Weight loss Using Gut Bacteria
Gastric bypass surgery, which reduces the capacity of the stomach, is now a regular weight loss option; but new research suggests that changes to gut bacteria which follow the surgery can be as effective as changing the stomach capacity itself. Speaking with Chris Smith, Dr. Lee Kaplan of the Massachusetts General Hospital...
Chris - Lee, what's actually involved in doing what we put in in inverted commas and dub a 'gastric bypass operation'?
Lee - Well, you divide the stomach, meaning you cut the stomach so that there's a small pouch made out of the top part of the stomach and that's separated from the rest of the stomach. And then you cut the bowel distally, further down, and you bring it up so that you're emptying that little pouch, that little stomach pouch, directly into the small bowel. So, the food flows through the oesophagus - the swallowing tube - into the small gastric pouch and directly into the middle part of the small bowel, bypassing the rest of the stomach and the first part of the small bowel. And in doing so, it was always thought that what you were doing was preventing people either from eating or absorbing what they ate and now, we know that actually that's not the case.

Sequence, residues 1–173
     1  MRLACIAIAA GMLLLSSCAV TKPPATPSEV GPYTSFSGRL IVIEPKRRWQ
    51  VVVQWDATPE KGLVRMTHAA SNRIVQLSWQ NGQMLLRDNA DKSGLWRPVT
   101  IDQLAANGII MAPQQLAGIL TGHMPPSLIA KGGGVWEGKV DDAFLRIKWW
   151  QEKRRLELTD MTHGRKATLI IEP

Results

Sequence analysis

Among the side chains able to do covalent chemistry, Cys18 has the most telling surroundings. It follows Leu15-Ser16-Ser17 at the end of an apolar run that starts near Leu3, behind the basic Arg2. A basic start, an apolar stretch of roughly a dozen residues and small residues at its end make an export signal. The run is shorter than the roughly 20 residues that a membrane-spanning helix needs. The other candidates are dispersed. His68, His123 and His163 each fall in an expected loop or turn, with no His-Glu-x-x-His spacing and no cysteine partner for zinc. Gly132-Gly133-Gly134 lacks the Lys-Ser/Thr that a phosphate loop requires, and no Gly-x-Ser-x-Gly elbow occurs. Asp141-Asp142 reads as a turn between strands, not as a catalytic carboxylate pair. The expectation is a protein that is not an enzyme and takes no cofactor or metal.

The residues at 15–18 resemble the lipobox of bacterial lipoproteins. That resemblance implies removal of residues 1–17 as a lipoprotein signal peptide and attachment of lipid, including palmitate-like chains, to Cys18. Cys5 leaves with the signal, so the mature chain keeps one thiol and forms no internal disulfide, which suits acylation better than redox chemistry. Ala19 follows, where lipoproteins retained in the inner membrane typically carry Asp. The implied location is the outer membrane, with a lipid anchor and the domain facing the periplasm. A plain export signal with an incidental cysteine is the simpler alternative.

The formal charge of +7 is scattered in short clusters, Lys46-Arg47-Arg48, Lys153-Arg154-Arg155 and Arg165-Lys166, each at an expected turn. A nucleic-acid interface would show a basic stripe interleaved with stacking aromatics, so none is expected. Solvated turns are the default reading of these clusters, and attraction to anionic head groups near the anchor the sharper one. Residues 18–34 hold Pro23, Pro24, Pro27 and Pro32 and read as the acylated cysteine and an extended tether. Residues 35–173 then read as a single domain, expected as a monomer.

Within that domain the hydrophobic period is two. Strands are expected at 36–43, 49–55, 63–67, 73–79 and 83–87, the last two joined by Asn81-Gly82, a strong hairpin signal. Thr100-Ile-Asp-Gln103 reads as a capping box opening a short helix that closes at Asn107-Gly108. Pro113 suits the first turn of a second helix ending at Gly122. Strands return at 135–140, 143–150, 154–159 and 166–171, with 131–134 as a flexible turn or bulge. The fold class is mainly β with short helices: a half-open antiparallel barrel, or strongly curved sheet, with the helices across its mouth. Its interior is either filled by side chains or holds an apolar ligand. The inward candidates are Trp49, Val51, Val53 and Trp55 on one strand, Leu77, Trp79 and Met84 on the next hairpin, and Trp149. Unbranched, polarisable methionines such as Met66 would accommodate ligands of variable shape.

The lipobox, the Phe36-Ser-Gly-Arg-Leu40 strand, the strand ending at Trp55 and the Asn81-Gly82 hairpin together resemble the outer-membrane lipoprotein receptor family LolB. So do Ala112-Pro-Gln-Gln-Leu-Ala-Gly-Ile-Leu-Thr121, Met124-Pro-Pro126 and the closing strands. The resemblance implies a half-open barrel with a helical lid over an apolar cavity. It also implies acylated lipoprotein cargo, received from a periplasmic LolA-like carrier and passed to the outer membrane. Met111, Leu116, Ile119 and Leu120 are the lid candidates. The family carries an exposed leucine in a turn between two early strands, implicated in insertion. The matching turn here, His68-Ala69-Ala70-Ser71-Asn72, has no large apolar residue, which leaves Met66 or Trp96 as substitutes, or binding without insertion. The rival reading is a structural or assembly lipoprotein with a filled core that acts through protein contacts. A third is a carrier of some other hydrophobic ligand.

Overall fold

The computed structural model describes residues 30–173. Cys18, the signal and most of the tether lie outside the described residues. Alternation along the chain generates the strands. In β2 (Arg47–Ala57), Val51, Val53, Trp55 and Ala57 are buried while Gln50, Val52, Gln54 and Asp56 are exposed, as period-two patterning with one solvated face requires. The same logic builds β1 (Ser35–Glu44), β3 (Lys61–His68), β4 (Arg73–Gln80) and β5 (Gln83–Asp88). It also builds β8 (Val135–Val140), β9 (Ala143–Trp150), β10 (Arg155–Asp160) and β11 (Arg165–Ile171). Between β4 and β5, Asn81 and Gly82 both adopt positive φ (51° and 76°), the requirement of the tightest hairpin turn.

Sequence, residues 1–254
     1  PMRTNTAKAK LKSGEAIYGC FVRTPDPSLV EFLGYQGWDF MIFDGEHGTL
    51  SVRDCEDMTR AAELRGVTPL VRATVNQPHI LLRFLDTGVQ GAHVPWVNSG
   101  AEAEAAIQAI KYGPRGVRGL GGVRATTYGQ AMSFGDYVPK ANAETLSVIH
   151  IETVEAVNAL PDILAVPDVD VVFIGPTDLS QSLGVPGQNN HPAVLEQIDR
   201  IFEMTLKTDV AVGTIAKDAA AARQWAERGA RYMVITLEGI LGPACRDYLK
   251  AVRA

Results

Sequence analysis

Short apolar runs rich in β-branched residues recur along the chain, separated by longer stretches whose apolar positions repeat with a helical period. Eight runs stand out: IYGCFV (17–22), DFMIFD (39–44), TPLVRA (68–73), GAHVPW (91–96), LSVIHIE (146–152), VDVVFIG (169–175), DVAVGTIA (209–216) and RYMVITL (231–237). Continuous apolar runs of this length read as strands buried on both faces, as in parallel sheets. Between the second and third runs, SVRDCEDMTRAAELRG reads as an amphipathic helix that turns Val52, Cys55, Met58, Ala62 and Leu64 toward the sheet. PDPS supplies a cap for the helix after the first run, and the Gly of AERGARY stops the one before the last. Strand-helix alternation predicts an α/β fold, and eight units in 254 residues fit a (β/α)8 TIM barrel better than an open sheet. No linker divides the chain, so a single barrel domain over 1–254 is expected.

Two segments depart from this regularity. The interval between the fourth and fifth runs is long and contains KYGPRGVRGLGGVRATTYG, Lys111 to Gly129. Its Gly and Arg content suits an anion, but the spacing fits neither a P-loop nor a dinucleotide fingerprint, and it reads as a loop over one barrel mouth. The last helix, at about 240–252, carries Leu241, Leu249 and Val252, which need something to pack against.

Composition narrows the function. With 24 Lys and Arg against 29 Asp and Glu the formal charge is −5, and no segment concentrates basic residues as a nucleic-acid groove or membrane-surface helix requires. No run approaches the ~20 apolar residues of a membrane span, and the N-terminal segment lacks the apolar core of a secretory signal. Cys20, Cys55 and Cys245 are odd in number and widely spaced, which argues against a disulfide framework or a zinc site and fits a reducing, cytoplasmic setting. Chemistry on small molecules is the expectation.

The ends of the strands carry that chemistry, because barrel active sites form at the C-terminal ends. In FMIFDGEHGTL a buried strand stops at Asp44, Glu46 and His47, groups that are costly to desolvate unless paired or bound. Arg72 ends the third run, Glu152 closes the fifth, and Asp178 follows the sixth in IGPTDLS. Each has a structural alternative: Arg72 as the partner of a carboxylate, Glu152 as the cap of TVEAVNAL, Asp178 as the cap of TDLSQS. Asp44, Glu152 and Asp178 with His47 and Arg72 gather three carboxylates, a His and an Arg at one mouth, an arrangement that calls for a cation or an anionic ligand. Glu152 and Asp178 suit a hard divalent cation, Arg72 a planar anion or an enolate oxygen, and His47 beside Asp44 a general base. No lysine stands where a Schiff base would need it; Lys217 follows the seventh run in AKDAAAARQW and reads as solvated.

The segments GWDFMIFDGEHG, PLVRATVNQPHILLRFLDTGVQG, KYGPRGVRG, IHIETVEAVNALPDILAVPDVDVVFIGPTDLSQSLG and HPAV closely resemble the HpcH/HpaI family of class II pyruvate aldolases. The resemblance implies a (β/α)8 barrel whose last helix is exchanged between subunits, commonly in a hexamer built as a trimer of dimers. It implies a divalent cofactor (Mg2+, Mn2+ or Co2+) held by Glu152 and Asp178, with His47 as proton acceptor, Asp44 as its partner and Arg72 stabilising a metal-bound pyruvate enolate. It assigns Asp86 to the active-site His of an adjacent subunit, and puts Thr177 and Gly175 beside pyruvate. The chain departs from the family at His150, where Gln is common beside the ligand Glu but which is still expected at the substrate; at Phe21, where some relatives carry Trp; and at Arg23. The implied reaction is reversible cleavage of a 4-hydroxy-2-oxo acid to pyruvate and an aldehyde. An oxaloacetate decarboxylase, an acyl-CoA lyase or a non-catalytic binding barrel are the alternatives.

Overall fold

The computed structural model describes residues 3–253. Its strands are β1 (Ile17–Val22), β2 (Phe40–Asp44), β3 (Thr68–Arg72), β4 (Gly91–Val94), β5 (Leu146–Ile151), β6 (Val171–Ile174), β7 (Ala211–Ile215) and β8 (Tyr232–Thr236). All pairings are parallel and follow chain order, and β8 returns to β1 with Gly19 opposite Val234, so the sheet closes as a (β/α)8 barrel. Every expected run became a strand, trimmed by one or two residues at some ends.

Chris - So critically, the stomach, the residuum of the stomach is left there in situ and the part of the small bowel, the duodenum of the stomach connected to it is still there. It's just that food is bypassing those two anatomical structures and going straight into a part of the small bowel, a bit downstream of there.